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White Collar Crime in India

Any system that values profit over human life is a very dangerous one indeed.

Famous Sociologist and Criminology Professor, Edwin H. Sutherland gave his definition of the term White Collar Crime as "violation of criminal law by a person in of upper social-economic class in the course of his occupational activities: He incorporated legal organisations and big corporations, which were initially considered to be only committed by the lower class.

These crimes arise from deceptive practices involving tax evasion, adulteration of foodstuffs, edibles, and drugs, black marketing, corruption, cyber-crime bribery, extortion, fraud and funds embezzlement etc.

Cause of rising of white-collar crime

The general perception is that white-collar crimes are committed because of greed, lack of awareness or economic instability, however, With the development of technology and competition these Crimes has become a global phenomenon.

In India, it is increasing at a tremendous pace because of the increase in fiscal and industrial growth. There are many professions where criminal and unethical practices are often going unnoticed creating no evidence and a lack of fixed laws and punishments amount to inadequacy to deal with these crimes.

Other crimes vs white collar crimes

White-collar crime is a relatively old phenomenon. The Supreme Court of India in the State of Gujarat vs. Mohanlal Jitamalji Porwal and Anr has explained the difference between general crimes and white-collar crimes. In the judgement, Justice Thakker stated that murder can be committed in the heat of the moment however, these economic offences are committed with a cool calculation and planned strategy to gain personal profits.

White-collar crime is present in all spheres. False medical certificates, illegal abortions, providing fake educational certificates, low-quality materials being used for the construction of buildings, roads and dams, are some examples. These practices damage the life of many citizens causing a huge debt on the government.

Laws relating to these crimes

The government of India has introduced various regulatory legislation like the Industrial (Development and Regulation) Act, 1951, Essential Commodities Act 1955, The Import and Exports (Control) Act, 1947, the Foreign Exchange (Regulation) Act, 1974, Companies Act, 1956, Prevention of Money Laundering Act, 2002, Information Technology Act, 2000 etc.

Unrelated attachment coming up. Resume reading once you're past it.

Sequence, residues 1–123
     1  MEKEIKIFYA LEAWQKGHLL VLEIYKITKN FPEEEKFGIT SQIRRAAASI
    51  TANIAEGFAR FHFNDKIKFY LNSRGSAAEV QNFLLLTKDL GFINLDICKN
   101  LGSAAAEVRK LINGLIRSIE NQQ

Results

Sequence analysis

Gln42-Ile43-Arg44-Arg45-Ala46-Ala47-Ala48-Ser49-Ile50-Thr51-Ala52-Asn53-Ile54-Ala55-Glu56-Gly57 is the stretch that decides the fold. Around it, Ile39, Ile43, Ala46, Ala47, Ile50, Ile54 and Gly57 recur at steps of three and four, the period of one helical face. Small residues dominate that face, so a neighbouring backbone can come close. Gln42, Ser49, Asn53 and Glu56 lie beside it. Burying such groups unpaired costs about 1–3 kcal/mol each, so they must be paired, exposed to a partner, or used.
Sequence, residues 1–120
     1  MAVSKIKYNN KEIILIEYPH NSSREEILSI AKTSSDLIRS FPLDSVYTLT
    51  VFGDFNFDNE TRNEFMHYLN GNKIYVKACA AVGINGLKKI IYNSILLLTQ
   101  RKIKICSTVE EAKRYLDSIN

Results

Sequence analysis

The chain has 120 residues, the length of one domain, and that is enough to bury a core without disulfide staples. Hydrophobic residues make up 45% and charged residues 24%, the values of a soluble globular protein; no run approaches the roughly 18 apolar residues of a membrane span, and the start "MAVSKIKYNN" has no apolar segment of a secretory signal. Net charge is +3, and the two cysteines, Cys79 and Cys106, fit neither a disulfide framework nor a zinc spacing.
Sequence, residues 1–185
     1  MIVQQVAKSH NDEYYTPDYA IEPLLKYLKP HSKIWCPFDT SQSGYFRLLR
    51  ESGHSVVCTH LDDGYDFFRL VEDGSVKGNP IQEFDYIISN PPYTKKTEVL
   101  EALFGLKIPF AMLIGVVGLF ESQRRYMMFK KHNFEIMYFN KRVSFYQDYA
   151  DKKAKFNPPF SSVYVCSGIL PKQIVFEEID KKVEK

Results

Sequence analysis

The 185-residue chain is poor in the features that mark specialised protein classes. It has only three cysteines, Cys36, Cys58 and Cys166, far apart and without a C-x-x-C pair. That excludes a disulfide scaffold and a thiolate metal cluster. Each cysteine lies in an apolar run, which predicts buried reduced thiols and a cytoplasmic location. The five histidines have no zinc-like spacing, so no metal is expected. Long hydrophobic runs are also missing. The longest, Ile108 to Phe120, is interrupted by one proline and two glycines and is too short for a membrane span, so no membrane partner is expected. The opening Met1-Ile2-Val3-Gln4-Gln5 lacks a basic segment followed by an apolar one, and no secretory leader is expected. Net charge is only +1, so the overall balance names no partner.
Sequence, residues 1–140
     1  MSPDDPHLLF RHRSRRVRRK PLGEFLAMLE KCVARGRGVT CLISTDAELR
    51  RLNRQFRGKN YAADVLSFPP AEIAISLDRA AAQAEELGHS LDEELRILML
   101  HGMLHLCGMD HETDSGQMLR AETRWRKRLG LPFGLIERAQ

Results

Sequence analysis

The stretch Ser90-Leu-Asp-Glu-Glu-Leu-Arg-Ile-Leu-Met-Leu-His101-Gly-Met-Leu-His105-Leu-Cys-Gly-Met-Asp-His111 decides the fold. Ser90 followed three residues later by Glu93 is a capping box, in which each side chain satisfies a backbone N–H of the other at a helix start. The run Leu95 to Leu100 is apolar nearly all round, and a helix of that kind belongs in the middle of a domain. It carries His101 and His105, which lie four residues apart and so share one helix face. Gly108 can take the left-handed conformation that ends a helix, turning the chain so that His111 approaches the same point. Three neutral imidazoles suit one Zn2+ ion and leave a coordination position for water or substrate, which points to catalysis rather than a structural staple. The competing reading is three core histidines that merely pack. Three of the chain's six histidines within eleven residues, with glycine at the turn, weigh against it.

There are certain provisions in the Indian Penal Code to check crimes such as Insurance fraud, Bank fraud etc. The Reserve Bank of India has also issued directions to be stringently followed by the banks under KYC (Know Your Customer) guidelines.

The Central Investigation Bureau (CBI) has formed an Economic Intelligence Wing To keep a check on the economic offenders who have taken shelter in foreign nations, Some of the prime examples of the economic offences are the Vijay Mallaya case, Nirav Modi Case, Harshad Mehta Securities Fraud Case and Satyam Scandal, biggest-ever corporate accounting fraud

White-collar criminals not only disrupt harmony and trust but also create distrust which degrades social morale. These crimes result in social dysregulation while other crimes produce relatively little effect on social institutions. Hence, it is evident that these crimes should be dealt with strictly as they corrupt the very social framework.

It is important to create public awareness of crimes through the press, media and other audio-visual and legal literacy programmes. Special Laws and tribunals should be constituted with the power to sentence the offenders for legitimate time being and conviction should result in heavy fines rather than arrest and detention of criminals. It is important for people to strongly detest such crimes to control this growing menace.

  1. Suzy Kassem, Rise Up and Salute the Sun: The Writings of Suzy Kassem, available at work/quotes/14994756-rise-up-and-salute-the-sun-the-writings-of-Suzy-Kassem
  2. Edwin Sutherland Crime and Business, research article, available at
  3. B&B Associates, White-Collar Crimes in India: A Legal Perspective, available at
  4. The State of Gujarat vs. Mohanlal Jitamalji Porwal and Anr ,1987 AIR 1321 1987 SCR (2) 677
  5. Central Economic Intelligence Bureau, available at last seen on 16-07-2020

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